Monday, November 13, 2006

Last Night's Dinner: The Good Fork

Well, that's one down on the to-eat list. I wasn't expecting to be able to cross off The Good Fork any time soon but DMR and I found ourselves at this newish Red Hook restaurant last night with Handbags and Gladragss (aka D. Nelson, Esq.) and Oda. The rain started soon after we sat down at our table in the scruffy covered back patio area (wait, is that a mean thing to say? I'm not trying to be mean, but the patio seemed like a work in progress, not that anyone minded. I was just happy we didn't have to wait.) and the percussive drops against the roof set a nice tone for the evening.

The chef at the Good Fork is Korean-American and so along with dishes like farm-raised chicken with potato-parsnip mash and parpadelle with lamb ragu, the diner can order steak and eggs "Korean-style" which is just brilliant. Koreans have known for a long time that kimchi goes really well with lots of things. The "Korean-style" in this case refers to the kimchi fried rice that adorns the plate alongside a perfectly cooked skirt steak (medium in my case) with a soy (or perhaps balsamic?) reduction and fried egg with a brilliant yellow yolk. Not only is this picture terrible because I took it without the flash on, but the plate was also turned so you can barely see the rice. Around 11 o'clock if you're wondering.

Kimchi fried rice is one of my favorite foods and like any good Korean, I think my mother's version is the best. On visits home back in the day, it's one of three things I'd want to eat (her kimchi jigae and Callahan's being the other two). Nowadays we just eat out whenever we visit so a homecooked plate of kimchi fried rice is rare. This version was a pretty good substitute. It could have used more kimchi pieces in the rice but overall it was really flavorful as the house-made kimchi was at a perfect state of ripeness. But I am getting way ahead of myself because before the entrees, we got some really tasty starters beginning with the bread!

I'm curious to know what bakery the Good Fork gets their bread from. Our first helping was soft and chewy; Dave likened it to a Portuguese roll while it reminded me of a potato roll. The second batch (we devoured the first really, really fast) crusty and a little saltier, but equally tasty. One small detail which I liked a lot: the butter was soft and easily spreadable. What's the point of serving butter if you can't get your knife into it? Dan and I shared the special salad of bitter greens, halved figs, blue cheese and candied walnuts in a lemon vinaigrette and for the entire table we ordered a plate of pork and chive dumplings and the special potato dumplings with braised oxtails. The former came five to an order, encased in a wrapper so thin you could see the filling through it, and accompanied by a small dish of dipping sauce, in which I could have liked a little more vinegar. They brought back memories of the handmade dumplings the Korean PTA ladies at my elementary school would make to sell at fundraisers. The gnocchi could have perhaps benefited from a tad more salt, but overall it was a hearty, stick to your ribs perfect for a rainy day dish that would make a great addition to the menu as an entree. I'd order it with a side of kimchi fried rice. Starch city!

For our mains, Jen also got the steak and eggs K-style, while Dan and Dave both ordered the burger, Dan with cheddar on his. The menu says 8 ounces, but it looked and felt heftier than that. The patty was nestled in between halves of a sturdy but not too dense bun. The bun top reminded me of a portobello mushroom and maybe in a funny way, this as well. Come to think of it, Dave maybe have referred to this bread as Portuguese roll-like. It was definitely spongier than you would have imagined from looking at it. The tangle of divine tempura'ed onion rings that accompany the burger will make you forget about french fries - at least for a little bit. They were gobbled up in minutes so we got an extra side order for the table, which arrived as a heaping mass in a white bowl.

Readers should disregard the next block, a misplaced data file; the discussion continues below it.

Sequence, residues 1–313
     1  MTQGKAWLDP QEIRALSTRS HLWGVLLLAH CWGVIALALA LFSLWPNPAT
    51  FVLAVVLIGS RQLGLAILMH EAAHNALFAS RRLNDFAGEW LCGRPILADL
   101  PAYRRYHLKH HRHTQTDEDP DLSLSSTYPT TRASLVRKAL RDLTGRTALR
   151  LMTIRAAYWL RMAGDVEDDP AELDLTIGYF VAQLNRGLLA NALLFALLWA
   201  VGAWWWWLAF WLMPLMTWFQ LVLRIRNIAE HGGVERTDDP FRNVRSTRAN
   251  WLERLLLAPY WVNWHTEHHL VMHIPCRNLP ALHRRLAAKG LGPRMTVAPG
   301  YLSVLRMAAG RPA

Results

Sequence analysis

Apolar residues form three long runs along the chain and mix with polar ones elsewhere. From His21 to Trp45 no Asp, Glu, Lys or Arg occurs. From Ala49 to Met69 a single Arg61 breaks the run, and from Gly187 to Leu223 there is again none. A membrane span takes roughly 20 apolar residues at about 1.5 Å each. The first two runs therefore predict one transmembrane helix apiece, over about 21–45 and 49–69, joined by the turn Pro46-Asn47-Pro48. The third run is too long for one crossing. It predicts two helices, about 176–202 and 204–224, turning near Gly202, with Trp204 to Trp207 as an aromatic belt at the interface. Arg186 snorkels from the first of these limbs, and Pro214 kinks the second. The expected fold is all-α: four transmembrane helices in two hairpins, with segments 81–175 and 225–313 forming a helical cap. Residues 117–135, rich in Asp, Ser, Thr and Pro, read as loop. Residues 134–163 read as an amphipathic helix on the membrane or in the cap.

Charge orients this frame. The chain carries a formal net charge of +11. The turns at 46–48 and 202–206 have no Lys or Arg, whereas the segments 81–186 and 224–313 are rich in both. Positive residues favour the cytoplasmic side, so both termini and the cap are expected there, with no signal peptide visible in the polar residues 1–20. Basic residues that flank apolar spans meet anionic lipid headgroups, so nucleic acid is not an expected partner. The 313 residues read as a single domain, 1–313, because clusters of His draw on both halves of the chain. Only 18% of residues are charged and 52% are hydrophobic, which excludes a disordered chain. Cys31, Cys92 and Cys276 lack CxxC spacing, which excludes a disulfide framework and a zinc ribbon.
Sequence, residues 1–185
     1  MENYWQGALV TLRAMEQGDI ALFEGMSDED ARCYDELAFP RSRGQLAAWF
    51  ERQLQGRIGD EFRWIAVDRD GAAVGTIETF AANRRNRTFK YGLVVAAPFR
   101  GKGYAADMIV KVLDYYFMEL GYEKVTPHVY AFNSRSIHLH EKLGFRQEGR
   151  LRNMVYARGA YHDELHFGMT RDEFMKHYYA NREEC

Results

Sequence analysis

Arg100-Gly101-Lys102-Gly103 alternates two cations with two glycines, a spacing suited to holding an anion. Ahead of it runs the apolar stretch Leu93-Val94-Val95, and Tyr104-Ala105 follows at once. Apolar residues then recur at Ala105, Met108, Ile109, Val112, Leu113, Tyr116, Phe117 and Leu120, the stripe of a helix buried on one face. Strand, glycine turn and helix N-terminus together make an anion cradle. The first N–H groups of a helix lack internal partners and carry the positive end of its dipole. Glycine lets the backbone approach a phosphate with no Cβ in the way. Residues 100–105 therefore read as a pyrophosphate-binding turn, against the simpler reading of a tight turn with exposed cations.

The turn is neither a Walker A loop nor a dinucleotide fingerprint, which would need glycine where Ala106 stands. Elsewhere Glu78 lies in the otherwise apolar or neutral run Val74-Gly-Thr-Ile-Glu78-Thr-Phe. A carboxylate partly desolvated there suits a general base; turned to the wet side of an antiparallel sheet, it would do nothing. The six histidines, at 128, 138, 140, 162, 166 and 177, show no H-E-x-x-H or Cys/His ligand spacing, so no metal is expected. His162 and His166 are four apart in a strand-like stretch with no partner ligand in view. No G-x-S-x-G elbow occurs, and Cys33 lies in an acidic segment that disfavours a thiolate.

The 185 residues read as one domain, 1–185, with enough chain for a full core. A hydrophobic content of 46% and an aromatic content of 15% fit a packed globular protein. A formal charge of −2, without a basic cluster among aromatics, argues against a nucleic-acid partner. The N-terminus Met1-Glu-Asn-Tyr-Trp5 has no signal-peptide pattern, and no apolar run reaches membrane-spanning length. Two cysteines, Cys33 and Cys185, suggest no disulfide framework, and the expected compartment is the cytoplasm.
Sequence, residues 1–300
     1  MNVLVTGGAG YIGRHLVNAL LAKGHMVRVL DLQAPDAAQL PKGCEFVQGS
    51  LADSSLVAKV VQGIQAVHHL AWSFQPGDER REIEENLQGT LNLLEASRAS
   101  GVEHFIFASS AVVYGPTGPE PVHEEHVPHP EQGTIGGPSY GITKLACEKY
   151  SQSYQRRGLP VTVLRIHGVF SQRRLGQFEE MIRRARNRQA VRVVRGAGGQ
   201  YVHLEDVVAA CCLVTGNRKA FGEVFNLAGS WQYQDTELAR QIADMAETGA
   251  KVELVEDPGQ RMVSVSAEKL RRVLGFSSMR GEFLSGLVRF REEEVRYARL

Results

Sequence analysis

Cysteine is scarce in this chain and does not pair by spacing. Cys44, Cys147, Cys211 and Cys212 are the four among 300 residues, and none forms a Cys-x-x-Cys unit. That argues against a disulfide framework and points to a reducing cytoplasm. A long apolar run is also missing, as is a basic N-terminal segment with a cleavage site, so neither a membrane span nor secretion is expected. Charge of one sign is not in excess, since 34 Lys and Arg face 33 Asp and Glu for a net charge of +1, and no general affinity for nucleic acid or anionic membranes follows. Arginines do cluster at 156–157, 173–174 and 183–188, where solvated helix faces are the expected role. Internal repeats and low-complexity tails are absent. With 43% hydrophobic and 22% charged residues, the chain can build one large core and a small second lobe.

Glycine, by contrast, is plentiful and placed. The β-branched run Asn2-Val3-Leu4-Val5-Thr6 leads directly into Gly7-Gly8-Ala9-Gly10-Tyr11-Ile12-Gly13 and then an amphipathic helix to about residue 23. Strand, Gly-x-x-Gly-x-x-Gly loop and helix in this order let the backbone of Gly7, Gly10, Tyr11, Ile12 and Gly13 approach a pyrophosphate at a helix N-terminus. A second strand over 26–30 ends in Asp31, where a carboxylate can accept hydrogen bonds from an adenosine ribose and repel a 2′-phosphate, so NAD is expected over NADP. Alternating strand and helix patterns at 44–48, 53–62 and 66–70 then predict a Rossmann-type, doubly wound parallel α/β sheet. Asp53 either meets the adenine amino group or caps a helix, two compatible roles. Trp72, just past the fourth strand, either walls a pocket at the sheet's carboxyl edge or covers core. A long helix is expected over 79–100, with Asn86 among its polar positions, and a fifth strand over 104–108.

The dessert menu super cute - the size of an oversized ticket folder in half, with "mmm" written on the front. Along with a selection of digestifs were the following three options: Steve's key lime pie, a flourless chocolate cake with creme anglais and rasberry sauce and an apple tart with vanilla ice cream and caramel sauce. We went with the chocolate cake and apple tart, under the logic of the pie not being house-made and available at Fairway and other points throughout the city. Armed with our spoons, neither dessert had a fighting chance.

We got really friendly service throughout the night and co-owner even followed us out the door to thank us. We'll be back.

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Thursday, November 09, 2006

Local To Eat List

Marlow and Sons (Williamsburg) - Oysters are $1.25 at designated hours. A dozen or so of those briney wonders plus a couple Moscow Mules sounds like a perfect evening to me.

The Good Fork (Red Hook) - Steak and eggs and kimchi fried rice all on one plate? Must try. Why haven't I already?

Palo Santo (Park Slope)- Ok, not that I know much about running a restaurant, but a sign could really help, especially when you've just opened and are tucked into the ground floor of a brownstone. The place looked wonderfully homey and the staff was super friendly when I peeked in to grab a menu.

Noona (Prospect Heights) - The area finally gets a Korean restaurant and I couldn't be more excited. I hope they'll deliver to Park Slope.

Biscuit (Park Slope) - The early verdict from my bbq-lovin' friends is thumbs down (with the exception of the mac and cheese). I thought the original Biscuit was good, not great. I'm willing to give these guys a try despite their unfortunate tagline of "Authentic Brooklyn BBQ." What does that even mean? The place has been packed to the gills the 4 or 5 times I've walked by since its opening.

Wednesday, November 01, 2006

Every Holiday Should Be About Food

Celebrating the only way we know how.

(The PSG as Sonya Thomas, patron saint of this blog)